In 1887, a more elaborate memorial service was organized by the members of the Dushane Post No. 3 of the Grand Army of the Republic (a fraternal organization for Civil War veterans who served in the Union armed services). Two hundred people participated in a parade from the post hall at St. Paul and Lexington Streets, as the Sun reported:

“Memorial services at Western Cemetery were under the direction of Dushane Post, No. 3, and were of a very interesting character. At 3 o’olock in the afternoon the procession left the post hall, the parade being composed of Dushane Post [and other units].”[footnote]“DUSHANE POST MEMORIAL,” The Sun (1837-1985), 1887.[/footnote]

In 1902, Western Cemetery was selected by a group of men incarcerated at the Maryland Penitentiary to save a friend from burial in an unmarked grave, as the Sun notes:

“The body of Arthur Spencer, the convict, who committed suicide by hanging himself in his cell at the penitentiary last Friday, will not be buried in an unmarked grave ‘n the Potter’s Field. His fellow-convicts will contribute to’ give the remains a decent burial in the Western Cemetery. A collection will be taken up among them today.”[footnote]“SAVED FROM POTTER’S FIELD,” The Sun (1837-1985), 1902.[/footnote]

Around 1910, concern about “disintegrating and disappearing stones” prompted then Superintendent William A. Manger to record names and death dates from markers surviving at the time.[footnote]Francis F. Burch, “Western Cemetery: Cemetery Records and an Index Card for Two Kirby Lots.”[/footnote]

In 1912, the Knights of the Golden Eagle erected a memorial within the cemetery. The Knights of the Golden Eagle was another fraternal society founded in Baltimore in August 1872 by John Emory Burbage and “14 of his closest friends.”[footnote]“IN HONOR OF BURBAGE,” The Sun (1837-1985), 1912.[/footnote]

Construction of Ellicott Driveway – 1915

In 1915, Baltimore City acquired a portion of the cemetery property for the construction of Ellicott Driveway. This required the closure of the “the railroad crossing at the Cemetery lane entrance to Western Cemetery” and an agreement between Baltimore City, the Pennsylvania Railroad Company, and the officers of the cemetery company.[footnote]“GRADE CROSSING TO GO,” The Sun (1837-1985), 1915.[/footnote]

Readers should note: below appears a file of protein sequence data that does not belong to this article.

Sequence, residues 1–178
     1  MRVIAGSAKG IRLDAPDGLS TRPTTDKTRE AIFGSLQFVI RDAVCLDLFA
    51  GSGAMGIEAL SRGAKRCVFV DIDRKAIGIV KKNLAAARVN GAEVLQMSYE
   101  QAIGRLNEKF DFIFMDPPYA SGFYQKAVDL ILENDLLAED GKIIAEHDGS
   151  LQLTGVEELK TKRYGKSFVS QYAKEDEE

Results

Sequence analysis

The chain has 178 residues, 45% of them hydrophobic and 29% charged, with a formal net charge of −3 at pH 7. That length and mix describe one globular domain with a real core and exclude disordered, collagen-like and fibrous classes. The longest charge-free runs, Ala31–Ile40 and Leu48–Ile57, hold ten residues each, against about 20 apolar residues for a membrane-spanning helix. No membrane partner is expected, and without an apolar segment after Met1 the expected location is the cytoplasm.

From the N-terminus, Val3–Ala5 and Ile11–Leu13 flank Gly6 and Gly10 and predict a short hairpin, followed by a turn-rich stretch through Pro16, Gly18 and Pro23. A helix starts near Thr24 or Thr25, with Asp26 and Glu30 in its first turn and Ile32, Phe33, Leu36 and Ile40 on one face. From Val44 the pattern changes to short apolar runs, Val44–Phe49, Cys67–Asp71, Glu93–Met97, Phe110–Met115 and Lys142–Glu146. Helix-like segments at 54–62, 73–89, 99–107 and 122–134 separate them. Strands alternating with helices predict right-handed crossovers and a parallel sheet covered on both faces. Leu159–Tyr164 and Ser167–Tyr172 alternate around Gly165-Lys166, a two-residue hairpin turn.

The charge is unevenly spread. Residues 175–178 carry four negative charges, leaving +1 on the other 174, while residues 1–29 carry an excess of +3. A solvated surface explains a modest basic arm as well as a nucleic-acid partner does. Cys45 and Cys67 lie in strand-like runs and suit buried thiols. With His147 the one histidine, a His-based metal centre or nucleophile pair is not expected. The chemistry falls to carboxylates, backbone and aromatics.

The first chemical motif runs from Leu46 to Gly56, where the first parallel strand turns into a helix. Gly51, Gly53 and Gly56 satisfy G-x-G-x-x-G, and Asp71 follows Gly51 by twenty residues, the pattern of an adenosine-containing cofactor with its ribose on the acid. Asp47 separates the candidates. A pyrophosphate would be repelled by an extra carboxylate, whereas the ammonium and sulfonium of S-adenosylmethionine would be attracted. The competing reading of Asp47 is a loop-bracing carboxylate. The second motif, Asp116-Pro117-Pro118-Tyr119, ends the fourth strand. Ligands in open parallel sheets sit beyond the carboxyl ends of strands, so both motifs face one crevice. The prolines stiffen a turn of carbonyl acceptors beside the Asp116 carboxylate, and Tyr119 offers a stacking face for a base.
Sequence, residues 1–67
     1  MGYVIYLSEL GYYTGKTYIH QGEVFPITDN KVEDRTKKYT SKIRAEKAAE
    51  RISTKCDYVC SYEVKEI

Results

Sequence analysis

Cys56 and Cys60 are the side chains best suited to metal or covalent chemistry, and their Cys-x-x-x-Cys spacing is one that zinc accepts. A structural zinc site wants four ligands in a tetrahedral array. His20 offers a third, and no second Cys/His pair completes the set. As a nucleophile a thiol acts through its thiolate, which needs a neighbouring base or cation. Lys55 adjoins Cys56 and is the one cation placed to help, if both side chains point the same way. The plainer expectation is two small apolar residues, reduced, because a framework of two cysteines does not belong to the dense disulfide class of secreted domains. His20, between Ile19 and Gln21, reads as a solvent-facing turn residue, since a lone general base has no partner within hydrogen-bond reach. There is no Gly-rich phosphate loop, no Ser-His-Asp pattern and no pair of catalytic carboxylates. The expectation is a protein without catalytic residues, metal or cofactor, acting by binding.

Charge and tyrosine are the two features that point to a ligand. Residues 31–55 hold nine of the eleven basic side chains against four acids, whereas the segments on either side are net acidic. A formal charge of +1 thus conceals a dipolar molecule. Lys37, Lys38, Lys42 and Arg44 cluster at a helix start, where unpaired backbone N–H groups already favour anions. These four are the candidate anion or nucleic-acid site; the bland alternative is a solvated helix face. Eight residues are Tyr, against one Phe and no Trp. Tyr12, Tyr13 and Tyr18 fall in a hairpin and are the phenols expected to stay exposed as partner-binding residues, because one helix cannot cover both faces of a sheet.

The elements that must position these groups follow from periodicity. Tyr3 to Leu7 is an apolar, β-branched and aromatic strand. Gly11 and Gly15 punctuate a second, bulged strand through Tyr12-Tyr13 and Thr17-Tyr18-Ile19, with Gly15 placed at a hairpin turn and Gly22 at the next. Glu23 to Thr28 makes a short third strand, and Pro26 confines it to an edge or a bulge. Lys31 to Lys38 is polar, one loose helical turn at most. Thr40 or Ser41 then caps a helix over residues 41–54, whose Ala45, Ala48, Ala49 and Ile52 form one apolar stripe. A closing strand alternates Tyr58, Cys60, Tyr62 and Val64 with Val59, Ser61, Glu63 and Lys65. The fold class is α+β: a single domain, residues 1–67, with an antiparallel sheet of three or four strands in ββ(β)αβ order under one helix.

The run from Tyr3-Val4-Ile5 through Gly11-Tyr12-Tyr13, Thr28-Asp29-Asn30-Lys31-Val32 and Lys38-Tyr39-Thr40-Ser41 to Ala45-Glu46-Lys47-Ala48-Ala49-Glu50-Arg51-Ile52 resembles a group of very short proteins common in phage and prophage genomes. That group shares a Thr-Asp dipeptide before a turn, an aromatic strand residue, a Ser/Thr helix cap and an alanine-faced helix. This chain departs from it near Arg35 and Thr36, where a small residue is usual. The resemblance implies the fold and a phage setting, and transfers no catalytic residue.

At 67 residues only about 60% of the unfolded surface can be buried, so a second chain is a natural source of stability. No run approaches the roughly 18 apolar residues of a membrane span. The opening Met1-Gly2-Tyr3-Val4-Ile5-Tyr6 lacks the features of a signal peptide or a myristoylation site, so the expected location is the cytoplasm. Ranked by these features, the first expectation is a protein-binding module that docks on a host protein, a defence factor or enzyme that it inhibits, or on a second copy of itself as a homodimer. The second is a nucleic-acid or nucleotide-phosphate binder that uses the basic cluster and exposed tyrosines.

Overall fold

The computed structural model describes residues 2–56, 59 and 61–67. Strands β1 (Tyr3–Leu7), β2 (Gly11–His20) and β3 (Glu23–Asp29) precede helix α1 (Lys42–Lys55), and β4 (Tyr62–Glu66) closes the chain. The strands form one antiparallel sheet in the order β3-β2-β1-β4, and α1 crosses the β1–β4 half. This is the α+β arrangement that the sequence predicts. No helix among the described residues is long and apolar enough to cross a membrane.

The cemetery continued to serve a popular place of internment for military veterans and police officers during the 20th century. In September 1921, Western Cemetery was the site of some conflict when a group of World War I veterans buried Private First Class John Harrison Lambert, a member of the 313th Infantry who was killed in action in France, despite the opposition of the trustees and the superintendent of Western Cemetery. [footnote]“VETERANS DEFY CEMETERY RULE; BURY COMRADE,” The Sun (1837-1985), 1921.[/footnote] The Sun published a letter on September 9, 1921 defending the burial as an act of “justice to the bereaved mother, sister and loved ones” of Private Lambert.[footnote]Richard C O’Connell, “Commander of Connell Answers The Superintendent Of Western, Cemetery,” The Sun (1837-1985), 1921.[/footnote]

In February 1926, Baltimore Police Inspector C. E. Hurley was buried at the cemetery. Hurley had joined the police force in 1893 when he was just 22 years old.[footnote]“C. E. HURLEY FUNERAL TO BE HELD TUESDAY: Police Inspector Will Be Buried In Western Cemetery WAS ILL TWO MONTHS Member Of Force Since 1893, Was 55 Years Old–Interested In Church Work,” The Sun (1837-1986), February 21, 1926.[/footnote] In July 1926, the Sun reported on a huge crowd of “several thousand persons” who attended the burial of Patrolman Webster E. Schumann, noting, “A full firing squad of eight men from Camp Meade fired three volleys into the air and a bugler sounded ‘taps’ as the services for the war veteran ended.”[footnote]“THOUSANDS ATTEND POLICEMAN’S BURIAL,” The Sun (1837-1985), 1926.[/footnote]

According to a description published on Find A Grave, Officer Schumann had served three years and seven months with the Baltimore City Police Department when he was shot and mortally wounded by “an armed deranged man” at 635 W. Lafayette Avenue.[13]

On March 7, 1942, 102-year-old Civil War veteran Charles Daniels was buried at the cemetery.[14] Hurley who lived at 1313 Linden Avenue was described by the Sun as the veteran of seven battles in three Civil War campaigns who credited his long life to “a little liquor and upright living.”[15]